In the five years since Hurricane Katrina pounded the U.S. Gulf Coast, the fragile recovery of New Orleans has become an abundant field of study, spurring reports on political, social and economic renewal.
This by-the-numbers summary looks at some of the findings from many reports focusing on the reconstruction of New Orleans.
Background: Hurricane Katrina
- Aug. 25, 2005: Hurricane Katrina made landfall near the Miami-Dade/Broward county line, knocking out power lines and cutting electricity for 100,000homes.
- Aug. 28: Katrina gained strength, reaching Category 5 intensity. New Orleans ordered a city-wide evacuation as the storm flooded 80 per cent of the city.
- Aug. 29: Katrina made landfall at Grand Isle, La. Sustained wind speeds reach 200 km/h.
The storm caused about $81 billion US worth of damage in New Orleans and along the Mississippi coast. In New Orleans, 70 per cent of all occupied housing units were damaged by the hurricane.
The number of people killed in the storm totalled 1,833 across Alabama, Florida, Georgia, Louisiana, Mississippi and Ohio. Most of the deaths occurred in Louisiana, with drowning being the major cause of death (40 per cent), followed by injury and trauma (25 per cent) and heart conditions (11 per cent), according to the Greater New Orleans Data Center.
An estimated 1.5 million people in Mississippi and Louisiana were displaced in the aftermath of Hurricane Katrina.
Recent data from the U.S. Census Bureau shows the city is growing again, with 2009 estimates reaching 354,850 in July 2009.
Population of New Orleans:
- July 2005: 455,046
- July 2006: 210,768
- July 2007: 288,113
- July 2008: 311,853
In response to the hurricane, FEMA, the Federal Emergency Management Agency, made 120,000 trailers available to families in need.
In 2007, there were about 45,000 families still living in FEMA trailers. As of June 2010, the number had dropped to 860 families, according to a Brookings Institute's report titled The New Orleans Index at Five.
In March 2010, FEMA sold 100,000 of the trailers at auction. FEMA noted the units were not to be used for long-term housing and cautioned the trailers posed a potential health hazard because of high formaldehyde levels.
Jobs and economy
In 2009, New Orleans had an estimated 519,000 jobs — about 16 per cent less than was counted before Hurricane Katrina, according to the Brookings Institute.
Families below poverty level (2000 census): 23.7 per cent. Families below poverty level in U.S. (2000 American Community Survey): 9.2 per cent.
Families below poverty level in New Orleans (2006-2008 census): 16.1 per cent. Families below poverty level in U.S. (2006-2008 American Community Survey): 9.6 per cent.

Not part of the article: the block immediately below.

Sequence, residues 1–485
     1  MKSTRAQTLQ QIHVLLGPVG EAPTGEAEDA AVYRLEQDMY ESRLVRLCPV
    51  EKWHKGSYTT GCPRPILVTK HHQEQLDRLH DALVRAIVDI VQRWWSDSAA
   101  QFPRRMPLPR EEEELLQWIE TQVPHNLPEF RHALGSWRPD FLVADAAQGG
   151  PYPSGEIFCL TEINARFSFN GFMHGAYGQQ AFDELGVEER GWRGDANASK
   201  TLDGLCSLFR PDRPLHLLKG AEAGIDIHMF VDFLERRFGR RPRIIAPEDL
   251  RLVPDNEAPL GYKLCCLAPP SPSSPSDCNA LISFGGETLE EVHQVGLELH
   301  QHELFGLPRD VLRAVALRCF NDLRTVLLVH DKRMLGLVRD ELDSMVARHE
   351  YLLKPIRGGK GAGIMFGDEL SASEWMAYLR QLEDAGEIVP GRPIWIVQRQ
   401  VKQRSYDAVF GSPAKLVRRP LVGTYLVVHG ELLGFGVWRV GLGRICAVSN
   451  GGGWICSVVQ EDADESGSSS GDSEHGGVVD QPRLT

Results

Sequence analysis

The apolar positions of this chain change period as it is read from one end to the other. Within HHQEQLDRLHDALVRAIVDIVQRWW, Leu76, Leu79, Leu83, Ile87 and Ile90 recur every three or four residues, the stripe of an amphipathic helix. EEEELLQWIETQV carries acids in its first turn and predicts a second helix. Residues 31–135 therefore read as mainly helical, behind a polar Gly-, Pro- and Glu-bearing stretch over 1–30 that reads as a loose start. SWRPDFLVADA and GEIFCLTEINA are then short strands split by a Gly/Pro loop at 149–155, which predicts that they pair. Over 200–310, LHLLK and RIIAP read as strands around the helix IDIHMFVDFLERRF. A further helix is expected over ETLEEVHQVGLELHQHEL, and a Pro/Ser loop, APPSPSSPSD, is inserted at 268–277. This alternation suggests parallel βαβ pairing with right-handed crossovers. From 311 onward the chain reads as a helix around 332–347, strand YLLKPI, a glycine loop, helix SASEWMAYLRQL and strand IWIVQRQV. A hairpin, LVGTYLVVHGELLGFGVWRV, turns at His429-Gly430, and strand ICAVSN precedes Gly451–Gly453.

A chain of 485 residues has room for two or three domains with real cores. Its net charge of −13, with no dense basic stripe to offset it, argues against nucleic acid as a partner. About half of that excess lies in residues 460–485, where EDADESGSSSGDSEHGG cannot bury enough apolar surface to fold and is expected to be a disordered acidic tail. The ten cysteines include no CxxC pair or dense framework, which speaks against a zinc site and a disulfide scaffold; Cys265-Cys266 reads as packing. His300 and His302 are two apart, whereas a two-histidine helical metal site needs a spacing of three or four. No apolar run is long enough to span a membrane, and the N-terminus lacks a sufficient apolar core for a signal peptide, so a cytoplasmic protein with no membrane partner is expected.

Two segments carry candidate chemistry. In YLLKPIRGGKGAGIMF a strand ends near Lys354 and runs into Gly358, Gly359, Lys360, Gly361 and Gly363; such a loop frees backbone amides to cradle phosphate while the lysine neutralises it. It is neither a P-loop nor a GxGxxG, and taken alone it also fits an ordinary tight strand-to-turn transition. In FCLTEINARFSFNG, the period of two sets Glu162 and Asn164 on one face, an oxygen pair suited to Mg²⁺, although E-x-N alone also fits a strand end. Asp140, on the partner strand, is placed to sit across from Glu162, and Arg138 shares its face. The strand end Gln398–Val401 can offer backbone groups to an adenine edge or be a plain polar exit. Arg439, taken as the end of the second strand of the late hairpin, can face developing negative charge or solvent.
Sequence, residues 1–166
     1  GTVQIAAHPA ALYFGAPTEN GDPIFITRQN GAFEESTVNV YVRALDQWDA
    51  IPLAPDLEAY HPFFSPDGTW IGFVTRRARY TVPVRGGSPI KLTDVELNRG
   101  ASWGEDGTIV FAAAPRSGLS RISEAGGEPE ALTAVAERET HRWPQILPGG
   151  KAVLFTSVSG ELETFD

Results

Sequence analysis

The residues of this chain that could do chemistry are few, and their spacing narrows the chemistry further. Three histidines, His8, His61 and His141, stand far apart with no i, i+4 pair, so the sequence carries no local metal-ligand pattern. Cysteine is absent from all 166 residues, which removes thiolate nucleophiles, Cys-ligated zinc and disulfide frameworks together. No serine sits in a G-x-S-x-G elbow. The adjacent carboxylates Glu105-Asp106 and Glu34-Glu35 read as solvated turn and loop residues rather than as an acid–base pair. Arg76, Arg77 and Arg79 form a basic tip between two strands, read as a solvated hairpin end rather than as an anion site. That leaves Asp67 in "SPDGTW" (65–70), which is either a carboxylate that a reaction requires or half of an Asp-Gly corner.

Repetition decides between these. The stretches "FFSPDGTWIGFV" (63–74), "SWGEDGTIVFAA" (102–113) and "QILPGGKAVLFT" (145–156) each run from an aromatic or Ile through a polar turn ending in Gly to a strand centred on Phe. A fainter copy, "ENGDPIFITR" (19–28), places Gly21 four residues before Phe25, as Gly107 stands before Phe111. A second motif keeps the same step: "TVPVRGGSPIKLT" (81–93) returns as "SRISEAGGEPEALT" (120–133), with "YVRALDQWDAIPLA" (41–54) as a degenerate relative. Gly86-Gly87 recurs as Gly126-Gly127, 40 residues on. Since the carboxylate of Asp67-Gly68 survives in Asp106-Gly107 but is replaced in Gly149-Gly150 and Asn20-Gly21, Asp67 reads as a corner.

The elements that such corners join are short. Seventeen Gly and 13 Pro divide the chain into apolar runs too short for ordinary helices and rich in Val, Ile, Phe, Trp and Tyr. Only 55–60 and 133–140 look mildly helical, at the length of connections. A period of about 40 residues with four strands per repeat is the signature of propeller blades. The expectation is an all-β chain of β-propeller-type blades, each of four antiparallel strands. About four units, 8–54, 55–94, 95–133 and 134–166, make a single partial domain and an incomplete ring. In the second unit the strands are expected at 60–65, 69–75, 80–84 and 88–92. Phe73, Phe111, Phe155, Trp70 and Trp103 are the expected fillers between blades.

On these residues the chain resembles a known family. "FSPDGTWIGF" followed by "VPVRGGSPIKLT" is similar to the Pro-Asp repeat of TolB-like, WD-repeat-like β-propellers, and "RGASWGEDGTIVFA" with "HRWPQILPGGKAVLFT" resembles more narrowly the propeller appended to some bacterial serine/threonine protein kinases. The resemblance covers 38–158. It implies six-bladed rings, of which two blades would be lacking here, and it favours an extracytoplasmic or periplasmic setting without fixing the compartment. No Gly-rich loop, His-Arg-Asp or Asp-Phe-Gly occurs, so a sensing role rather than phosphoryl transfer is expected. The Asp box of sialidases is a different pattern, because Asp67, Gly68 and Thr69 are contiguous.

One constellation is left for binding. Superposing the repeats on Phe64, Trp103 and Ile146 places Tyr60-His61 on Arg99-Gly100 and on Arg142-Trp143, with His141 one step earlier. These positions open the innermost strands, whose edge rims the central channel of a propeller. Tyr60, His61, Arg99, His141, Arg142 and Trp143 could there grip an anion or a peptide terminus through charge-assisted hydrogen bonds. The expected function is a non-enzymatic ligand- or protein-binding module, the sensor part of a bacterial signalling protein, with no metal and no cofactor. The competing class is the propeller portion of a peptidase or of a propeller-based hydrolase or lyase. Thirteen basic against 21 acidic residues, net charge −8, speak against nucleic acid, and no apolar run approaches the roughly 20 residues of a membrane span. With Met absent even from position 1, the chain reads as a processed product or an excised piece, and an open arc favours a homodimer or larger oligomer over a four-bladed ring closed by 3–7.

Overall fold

Seniors - A study published in 2009 found that Katrina survivors aged 65 and over suffered a sharp decline health after the hurricane. The study, titled Health of Medicare Advantage Plan Enrollees at 1 Year After Hurricane Katrina and published in the American Journal of Managed Care, found that morbidity rates for seniors who lived through the disaster increased 12.6 per cent, compared with a U.S. national increase of 3.4 per cent.
Children - Researchers suggest children in Louisiana and Mississippi are 4.5 times more likely than their peers in other areas of the country to have serious emotional disturbances — specifically emotional issues, hyperactivity and troubles relating to peers. The study, Legacy of Katrina: The Impact of a Flawed Recovery on Vulnerable Children of the Gulf Coast, was published in August in the Journal of Disaster Management and Public Health Preparedness.
The study involved 1,079 families affected by Hurricane Katrina. Researchers also found over one-third of children in families displaced by floods have been clinically diagnosed with at least one mental health problem since the hurricane struck. Nearly half of the families in the study also described their living conditions as unstable.
The Greater New Orleans Community Data Center says 66 of the city's 73 neighbourhoods have regained over half of the population recorded before the hurricane struck.
Optimism is high that the rebuilding process is on track, according to a report by the Kaiser Family Foundation. Seventy per cent of New Orleans residents said they were confident that the rebuilding process is on track and two in three residents said their lives had returned to normal, according to the survey that involved 1,528 people and had a margin of error of plus or minus three percentage points.
But, the Brookings Institute notes, that in Orleans Parish, there are differences in perspectives according to race. Forty-two per cent of African Americans said their own lives and the city in general haven't recovered from the hurricane, while 16 per cent of white residents reported the same.
Crime continues to be a problem in the city, identified by respondents in the Kaiser Family Foundation's report as the biggest problem facing the city. The survey also found that 55 per cent of respondents didn't trust police and 85 per cent said political corruption was a serious problem in the city.
The Kaiser Family Foundation report posed the following question:
Considering everything, what is the single biggest problem facing New Orleans today?
- Crime: 41 per cent
- Gulf Coast oil spill: 12 per cent
- Jobs: eight per cent
- Education/schools: seven per cent
- Housing-related issues (affordable housing): six per cent
- The economy: three per cent
- Hurricane protection/rebuilding flood walls, levees: two per cent
- Health care: one per cent
(Kaiser Family Foundation report - survey of 1,528 people)